You knew that what you did was wrong, but the idea of facing deportation for a minor crime is unfair, in your opinion. Despite that, you’ve found yourself in a difficult situation where you could be sent back to your home country. You don’t know the language and haven’t been there since you were a small child. You cannot see how you’d survive.
Defending yourself against deportation is very important. You know that the consequences could be dangerous or deadly, depending on your situation. For example, if you’re deported to a country where you don’t remember the language, you could have an extremely hard time supporting yourself. If you return to a country where your family was threatened, you could be at risk yourself.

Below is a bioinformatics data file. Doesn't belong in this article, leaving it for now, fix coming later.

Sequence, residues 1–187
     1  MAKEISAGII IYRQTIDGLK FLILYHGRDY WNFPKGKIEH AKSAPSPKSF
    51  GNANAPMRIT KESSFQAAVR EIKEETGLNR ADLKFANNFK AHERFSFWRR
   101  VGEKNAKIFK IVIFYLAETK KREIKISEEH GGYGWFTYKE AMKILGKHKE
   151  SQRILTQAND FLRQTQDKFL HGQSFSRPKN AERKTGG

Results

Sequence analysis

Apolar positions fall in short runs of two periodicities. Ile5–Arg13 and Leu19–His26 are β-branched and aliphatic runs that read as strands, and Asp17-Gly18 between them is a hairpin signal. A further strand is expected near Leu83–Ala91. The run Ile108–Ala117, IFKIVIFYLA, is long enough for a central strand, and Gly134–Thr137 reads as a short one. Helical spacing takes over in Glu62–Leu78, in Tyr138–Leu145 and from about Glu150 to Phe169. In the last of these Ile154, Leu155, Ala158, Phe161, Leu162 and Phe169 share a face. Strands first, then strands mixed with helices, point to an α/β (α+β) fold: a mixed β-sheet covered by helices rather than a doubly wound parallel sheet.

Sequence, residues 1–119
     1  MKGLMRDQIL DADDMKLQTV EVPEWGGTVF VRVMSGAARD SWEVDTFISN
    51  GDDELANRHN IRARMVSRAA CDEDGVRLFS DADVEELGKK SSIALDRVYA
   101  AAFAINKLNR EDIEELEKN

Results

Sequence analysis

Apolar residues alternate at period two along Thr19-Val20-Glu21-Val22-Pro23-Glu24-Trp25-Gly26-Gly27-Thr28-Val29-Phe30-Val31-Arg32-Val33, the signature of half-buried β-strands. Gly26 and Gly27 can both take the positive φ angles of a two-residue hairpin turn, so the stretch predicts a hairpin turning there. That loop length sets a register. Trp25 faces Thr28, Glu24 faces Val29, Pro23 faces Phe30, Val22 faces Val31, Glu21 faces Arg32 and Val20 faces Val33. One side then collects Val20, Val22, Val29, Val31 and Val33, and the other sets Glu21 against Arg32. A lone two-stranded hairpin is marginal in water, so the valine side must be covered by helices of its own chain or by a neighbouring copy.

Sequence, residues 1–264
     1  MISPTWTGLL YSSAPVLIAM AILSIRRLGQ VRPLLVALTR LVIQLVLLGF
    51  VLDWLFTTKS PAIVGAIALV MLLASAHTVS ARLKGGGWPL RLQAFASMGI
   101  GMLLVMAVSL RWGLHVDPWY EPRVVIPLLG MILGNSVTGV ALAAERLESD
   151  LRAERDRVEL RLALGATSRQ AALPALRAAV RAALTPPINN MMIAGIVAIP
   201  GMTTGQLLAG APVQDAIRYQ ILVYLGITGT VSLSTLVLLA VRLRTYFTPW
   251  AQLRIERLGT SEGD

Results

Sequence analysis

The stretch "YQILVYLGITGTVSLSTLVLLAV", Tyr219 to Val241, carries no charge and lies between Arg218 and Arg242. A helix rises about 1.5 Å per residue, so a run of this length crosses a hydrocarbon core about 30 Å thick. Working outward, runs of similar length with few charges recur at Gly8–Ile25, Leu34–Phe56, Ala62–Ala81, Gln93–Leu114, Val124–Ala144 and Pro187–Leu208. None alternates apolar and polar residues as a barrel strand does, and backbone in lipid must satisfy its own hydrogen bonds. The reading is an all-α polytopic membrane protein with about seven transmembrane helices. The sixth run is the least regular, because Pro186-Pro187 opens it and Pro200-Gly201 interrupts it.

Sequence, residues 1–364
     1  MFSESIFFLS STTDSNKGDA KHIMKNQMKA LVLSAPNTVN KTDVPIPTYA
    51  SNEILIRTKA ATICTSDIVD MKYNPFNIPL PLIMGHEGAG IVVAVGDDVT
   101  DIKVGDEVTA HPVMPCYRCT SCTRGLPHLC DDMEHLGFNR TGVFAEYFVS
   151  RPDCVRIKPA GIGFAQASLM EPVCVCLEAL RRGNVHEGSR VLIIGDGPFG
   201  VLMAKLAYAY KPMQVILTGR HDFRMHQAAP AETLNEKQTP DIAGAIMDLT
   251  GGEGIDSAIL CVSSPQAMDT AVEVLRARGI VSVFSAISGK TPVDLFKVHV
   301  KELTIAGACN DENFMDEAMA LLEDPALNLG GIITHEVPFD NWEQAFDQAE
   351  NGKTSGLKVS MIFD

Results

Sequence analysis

The impact of deportation can range from physical to psychological to economic. Deportation doesn’t just affect the individual who is sent to their home country, either. It may affect their children (who may be American citizens), their employers and others.
Did you know that around 5.9 million U.S. citizens currently have a caregiver who doesn’t have the authorization to stay in the United States? That means that deporting someone could put children or elders at risk of being left to fend for themselves or to rely on the systems the government has in place.
Immigrants themselves could face serious repercussions upon return to their home countries. Some may return to dangerous environments. In detention centers, 79% of those interviewed had credible fears of persecution if they were to return to their countries of origin.
As someone facing deportation, you need to take a strong stance and defend yourself. If your life could be in danger, then there may be ways to help you stay in America.